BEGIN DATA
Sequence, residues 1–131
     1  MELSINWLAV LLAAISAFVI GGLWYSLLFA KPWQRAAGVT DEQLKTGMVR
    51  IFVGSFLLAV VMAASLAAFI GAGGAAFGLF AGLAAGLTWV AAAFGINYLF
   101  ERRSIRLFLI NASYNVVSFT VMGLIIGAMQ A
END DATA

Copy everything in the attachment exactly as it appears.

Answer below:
Sequence, residues 1–131
     1  MELSINWLAV LLAAISAFVI GGLWYSLLFA KPWQRAAGVT DEQLKTGMVR
    51  IFVGSFLLAV VMAASLAAFI GAGGAAFGLF AGLAAGLTWV AAAFGINYLF
   101  ERRSIRLFLI NASYNVVSFT VMGLIIGAMQ A